Harper improving, to begin "ground-based activities"

PHILADELPHIA - A week ago today, Dr. James Andrews saw Bryce Harper and confirmed that Harper has bursitis in his injured left knee. Dr. Andrews gave Harper cortisone and PRP (platelet-rich plasma) shots in the knee to try and get rid of the swelling and inflammation that had plagued him for weeks, and told the Nationals outfielder to rest for a week.

Today, Harper was examined back in D.C. by Nationals medical director Dr. Wiemi Douoguih, and was given the go-ahead to begin what head trainer Lee Kuntz called "ground-based activities."

The swelling in Harper's knee has decreased since the cortisone shot, and Harper will now start by doing some walking. He'll go through a progression that eventually will leave him ready to resume baseball activities once he's cleared a number of initial hurdles.

"He's improving," Kuntz said. "He was cleared to begin strengthening activities. We're going to start him doing strengthening-type things, ground-based activities. Walk, jog, progressing towards running. We'll evaluate him regularly as we go through this process and try to ramp up his activity.

"He's improved, and it's all good right now. Swelling is down and he was able to complete all activities pain-free."

Harper will be monitored on a daily basis, and the Nats will try and have him match what he did in his rehab work the previous day while adding on a bit more. Kuntz referred to that process as "adding bricks."

There aren't a lot of "bricks" between walking and running, Kuntz said, but the Nats will have to wait and see how Harper responds to the early levels of the rehab before moving him forward in the process.

"Running's the key for me," Kuntz said. "If he can run and do all those explosive type of activities where it doesn't have any swelling or anything else, he's in a good spot. And we can add all the other things. The hitting and throwing will come quickly because obviously there's nothing wrong with his arm or back."

bryce-harper-bloody-sidebar.jpgFor now, the Nats won't put any timetables on when Harper might be able to begin baseball activities or be cleared to go out on a rehab assignment, something they'll want the 20-year-old to do before he's ready to return to the lineup.

"Again, a lot of this is based on what we're seeing on a daily basis, and right now, we're just going through strengthening type things where you're loading it and making sure it's not irritated," Kuntz said. "Once we get through that stuff, this stuff will come fairly quickly. But again, I don't have a crystal ball. And we're going to try and do this as quickly and as safely as possible."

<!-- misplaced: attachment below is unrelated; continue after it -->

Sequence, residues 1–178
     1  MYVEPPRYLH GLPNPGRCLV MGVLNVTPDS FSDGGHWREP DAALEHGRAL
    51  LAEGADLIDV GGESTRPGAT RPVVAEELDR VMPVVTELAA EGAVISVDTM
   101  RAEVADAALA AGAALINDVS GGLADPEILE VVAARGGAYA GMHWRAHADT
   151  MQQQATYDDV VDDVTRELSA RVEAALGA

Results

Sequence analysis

Harper initially injured the knee when colliding with the right field wall in Dodger Stadium back on May 13. He twice tried to return to the Nationals' lineup after that only to have the knee flair up both times and again land him on the bench. The Nats finally placed Harper on the disabled list on June 1 (retroactive to May 27), and have been waiting for the swelling in Harper's knee to go down since then.

It's clear that Harper is chomping at the bit to move his rehab process along - he did some range-of-motion exercises recently that led to some minor swelling - but the Nats will be sure to ease him along in the process. The setbacks that Harper suffered in recent weeks due to trying to play through pain and discomfort likely increased the amount of time he'll need to miss, and the Nats don't want to have him re-aggravate the issue again and take him out of action for even longer.

"Yeah, you've got to put the reins on him," Kuntz said. "He's a young guy. He's ... I don't want to say he's not been hurt, but (as a) younger guy, hey, I'm (saying), 'Let's go.' But like I said, you've got to walk before you can jog and you've got to jog before you can run. And again, he's a guy that wants to go from walk to run. So, we'll get it right."

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